College-bound students put considerable thought into where they will go to school. Decisions depend on myriad criteria; field of study, location, whether he/she can get accepted and, of course, the cost.
One common belief is that the higher the tuition, the better the education. A new study suggests that the link between cost and benefit is not as strong as you might think.
Gallup teamed with Purdue University to survey more than 30,000 college graduates to determine the primary factors that contribute to a quality education that will lead to job satisfaction after graduation. The poll found, perhaps surprisingly, that going to the “best” school, which is often the most expensive, did not necessarily translate into success.
“Where graduates went to college—public or private, large or small, very selective or not selective—hardly matters at all to their current well-being and their work lives in comparison to their experiences in college,” the report found.
Study authors concluded the secret to success is not where you go, it’s how you go to college. In all, the study authors determined six elements of the college experience that would lead to a satisfactory career, and the cost of school was not among them. Instead, the criteria for success are based more on interaction with professors and whether or not students took advantage of campus opportunities.
For example, the study shows graduates who reported that they had a professor who took a personal interest in them and encouraged them to pursue their dreams were twice as likely to have a fulfilling career. Also, students who participated in extracurricular activities, campus organizations and had internships were much more likely to be engaged at their current job than those who did not.
The study upends a lot of the traditional thinking on how higher education is delivered. What’s more important to a student getting good education: having a professor who has published extensively in his or her field or a professor with superior teaching skills? Can a student who takes full advantage of opportunities at a cheaper public institution have greater career satisfaction that a student who does the minimum at an Ivy League school?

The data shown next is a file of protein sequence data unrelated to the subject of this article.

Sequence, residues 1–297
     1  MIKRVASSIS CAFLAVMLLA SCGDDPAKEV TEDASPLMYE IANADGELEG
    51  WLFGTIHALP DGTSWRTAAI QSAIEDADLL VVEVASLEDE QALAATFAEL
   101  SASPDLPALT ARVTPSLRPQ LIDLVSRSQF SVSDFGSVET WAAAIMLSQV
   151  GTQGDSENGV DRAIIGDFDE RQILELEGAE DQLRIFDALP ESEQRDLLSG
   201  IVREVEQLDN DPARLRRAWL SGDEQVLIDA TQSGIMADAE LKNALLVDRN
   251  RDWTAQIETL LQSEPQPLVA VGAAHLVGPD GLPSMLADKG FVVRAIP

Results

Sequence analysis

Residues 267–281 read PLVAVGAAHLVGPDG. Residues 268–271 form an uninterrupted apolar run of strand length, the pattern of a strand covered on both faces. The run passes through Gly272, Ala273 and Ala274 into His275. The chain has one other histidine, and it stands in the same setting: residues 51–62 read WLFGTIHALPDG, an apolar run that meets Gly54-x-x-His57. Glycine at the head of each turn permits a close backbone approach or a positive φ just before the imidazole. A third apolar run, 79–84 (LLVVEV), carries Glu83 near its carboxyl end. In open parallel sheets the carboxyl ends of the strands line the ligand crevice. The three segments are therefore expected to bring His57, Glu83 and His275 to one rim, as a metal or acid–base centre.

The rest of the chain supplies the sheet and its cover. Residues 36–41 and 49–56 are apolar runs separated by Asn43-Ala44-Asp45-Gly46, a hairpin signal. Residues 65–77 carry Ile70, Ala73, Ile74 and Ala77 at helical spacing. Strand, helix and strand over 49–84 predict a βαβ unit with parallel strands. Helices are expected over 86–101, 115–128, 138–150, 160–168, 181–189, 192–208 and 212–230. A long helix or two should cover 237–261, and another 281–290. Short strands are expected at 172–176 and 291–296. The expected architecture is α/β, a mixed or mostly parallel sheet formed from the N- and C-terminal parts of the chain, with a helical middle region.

“The answers to these questions are not simple enough to answer in one paragraph or report,” the study says. “The answers lie in thinking about things that are more lasting than selectivity of an institution or any of the traditional measures of college.”
What students are doing in college and how they are experiencing it “have a profound relationship to a person’s life and career.”
America’s egalitarianism is challenged by the country’s higher education system, which awards some schools “elite” status. Those elites tend to be far more expensive than the rest. For example, it costs about three times as much to go to the University of Pennsylvania than Penn State.
The average student now leaves college owing $29,000, and that debt is often higher for students who attend elite institutions. That debt, the study found, has an impact on the well-being of graduates.
“The higher the loan amount, the worse the well-being,” the report says. “Only four percent of graduates who owed between $20,000 and $40,000 are thriving in all areas,* compared with 14 percent who did not take out loans.”
Every year, hundreds of thousands of high school students are asked the same question: “Where are you going to college.” We should instead be asking these students, “how are you planning to go to college?”
*The study’s criteria for well-being is broken down into five areas: Purpose (what they do every day), Social (stable, healthy personal life), Financial (not worried about money), Community (living in their desired location), Physical (feeling active and productive).